E-mail is a key tool of a good evangelist. It is fast, almost free, and ubiquitous. Unfortunately, most people use it poorly. Here’s how to improve your e-mail effectiveness to make it a powerful evangelism tool:
OPTIMIZE YOUR SUBJECT LINE.
If people don’t recognize your name on an e-mail message, the next thing they look at is the subject line. Think of it as an executive summary of your message. If it doesn’t entice people to read your e-mail, then you’ve failed before you even started. Subject lines that work on me are: “Enjoyed your book,” “Enjoyed your speech,” and “Referred to you by [someone I know or have heard of].”
TIME IT FOR TUESDAY.
Stephen Brand, a professor of entrepreneurship at Olin College of Engineering, promotes an interesting concept that Tuesday mornings are the best time to send e-mails. This is because by Tuesday people have worked through their backlog from the weekend but have not yet received the deluge of the rest of the week.
RESEND UNANSWERED E-MAILS.
Another Stephen Brand idea is to resend an unanswered e-mail to the recipient with a brief note saying, “Did you have a chance to read this?” He believes that when a person receives the same e-mail twice, it jars (or guilts) the recipient into action.
ANSWER WITHIN FORTY-EIGHT HOURS.
As mentioned before, responsiveness is a big factor in cementing a contact. You need to answer while the topic of the e-mail is fresh. Messages that are below the first screen of a person’s inbox are often forgotten.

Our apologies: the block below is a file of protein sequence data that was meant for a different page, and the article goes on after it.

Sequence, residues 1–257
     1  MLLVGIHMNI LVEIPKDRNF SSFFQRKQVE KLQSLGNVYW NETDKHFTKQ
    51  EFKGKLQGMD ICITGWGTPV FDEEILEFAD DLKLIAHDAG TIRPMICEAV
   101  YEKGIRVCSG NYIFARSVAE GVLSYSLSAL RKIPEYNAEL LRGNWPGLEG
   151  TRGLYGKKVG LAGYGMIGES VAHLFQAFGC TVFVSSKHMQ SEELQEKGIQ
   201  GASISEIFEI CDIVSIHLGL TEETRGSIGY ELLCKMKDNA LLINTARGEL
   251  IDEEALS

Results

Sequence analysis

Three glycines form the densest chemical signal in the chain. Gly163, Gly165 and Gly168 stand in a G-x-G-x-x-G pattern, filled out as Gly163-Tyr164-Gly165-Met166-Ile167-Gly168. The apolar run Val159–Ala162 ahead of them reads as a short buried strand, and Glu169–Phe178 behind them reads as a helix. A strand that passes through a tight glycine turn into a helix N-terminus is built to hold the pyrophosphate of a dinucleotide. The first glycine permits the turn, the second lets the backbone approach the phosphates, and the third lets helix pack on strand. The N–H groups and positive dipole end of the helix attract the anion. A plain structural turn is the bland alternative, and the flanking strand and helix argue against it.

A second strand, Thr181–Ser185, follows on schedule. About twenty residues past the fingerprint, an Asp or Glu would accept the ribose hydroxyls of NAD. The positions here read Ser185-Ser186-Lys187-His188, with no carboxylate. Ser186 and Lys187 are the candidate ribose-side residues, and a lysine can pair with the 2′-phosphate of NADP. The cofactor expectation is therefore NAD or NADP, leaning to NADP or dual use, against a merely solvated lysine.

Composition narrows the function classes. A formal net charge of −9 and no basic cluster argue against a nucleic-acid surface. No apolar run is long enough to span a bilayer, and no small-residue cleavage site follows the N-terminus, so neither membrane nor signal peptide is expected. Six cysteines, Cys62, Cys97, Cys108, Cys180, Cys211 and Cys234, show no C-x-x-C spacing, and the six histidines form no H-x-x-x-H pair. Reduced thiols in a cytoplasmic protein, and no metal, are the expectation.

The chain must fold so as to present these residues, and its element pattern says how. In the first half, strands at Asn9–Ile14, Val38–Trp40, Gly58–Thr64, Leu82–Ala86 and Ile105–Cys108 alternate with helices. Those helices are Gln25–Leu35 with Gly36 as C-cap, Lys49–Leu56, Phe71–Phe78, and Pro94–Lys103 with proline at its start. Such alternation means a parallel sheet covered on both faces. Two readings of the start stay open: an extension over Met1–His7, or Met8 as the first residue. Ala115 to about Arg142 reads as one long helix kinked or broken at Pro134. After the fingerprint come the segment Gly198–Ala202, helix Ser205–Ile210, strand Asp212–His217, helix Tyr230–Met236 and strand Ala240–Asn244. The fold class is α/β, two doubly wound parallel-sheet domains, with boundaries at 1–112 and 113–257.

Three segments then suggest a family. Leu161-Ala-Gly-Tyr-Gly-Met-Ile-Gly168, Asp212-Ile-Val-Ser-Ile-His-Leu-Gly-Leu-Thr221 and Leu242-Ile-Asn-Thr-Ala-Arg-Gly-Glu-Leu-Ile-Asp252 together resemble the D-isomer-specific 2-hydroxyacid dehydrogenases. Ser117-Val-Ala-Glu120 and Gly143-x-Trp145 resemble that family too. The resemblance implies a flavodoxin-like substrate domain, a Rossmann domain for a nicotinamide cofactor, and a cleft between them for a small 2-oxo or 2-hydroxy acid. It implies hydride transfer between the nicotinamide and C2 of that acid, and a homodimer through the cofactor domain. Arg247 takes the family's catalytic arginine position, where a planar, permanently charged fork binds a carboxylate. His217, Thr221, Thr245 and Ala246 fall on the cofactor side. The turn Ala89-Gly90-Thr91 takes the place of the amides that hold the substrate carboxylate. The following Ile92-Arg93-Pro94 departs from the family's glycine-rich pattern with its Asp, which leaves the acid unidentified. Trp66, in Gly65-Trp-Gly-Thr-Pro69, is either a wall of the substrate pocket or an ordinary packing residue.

DON’T USE ALL CAPS.
All-caps text is more difficult to read, and it is considered SHOUTING, If nothing else, it’s a sure sign that you’re clueless about e-mail, and cluelessness is not conducive to successful schmoozing.
Select the question or section of the e-mail that you’re responding to and quote it back in order to refresh the sender’s mind. People get dozens of messages per day, so a simple “Yes, I agree” is useless.
KEEP IT SHORT AND SIMPLE.
cut the crap and get to it. The ideal length for an e-mail is five sentences. If you can’t say what you have to say in five sentences, you don’t have much to say.
USE PLAIN TEXT, NOT HTML.
I assume that HTML e-mails are spam and give them no more than a glance. If you have something significant to say, you don’t need bold, outline, shadow, red text, and graphics to say it.
DON’T ATTACH FILES OVER FIVE MEGABYTES UNLESS you HAVE PERMISSION.
Imagine that your recipient is sitting in a hotel room using a slow connection and you’ve sent a ten-megabyte PowerPoint file. Do you think you’ll get a positive reaction? Also, many people assume attachments from strangers are viruses.
BLIND CARBON copy (BCC) LARGE GROUPS.
When you send an e-mail to more than two people, it should be a BCC to prevent inadvertent responses to everyone and to prevent revealing e-mail addresses to the other recipients.
INCLUDE A GOOD SIGNATURE.
A signature is information that your e-mail software includes at the end of every outgoing message. A good signature provides your name, organization, postal address, phone number, e-mail address, and website. This is useful for copying and pasting into a calendar or database. God forbid someone should want to make more contact with you, and they have to hunt down the information.
WAIT WHEN YOU HATE.
Although you should answer e-mail in under forty-eight hours, there is one case where you should wait longer when you’re angry, offended, or argumentative. E-mails written when you’re in these moods tend only to exacerbate problems.
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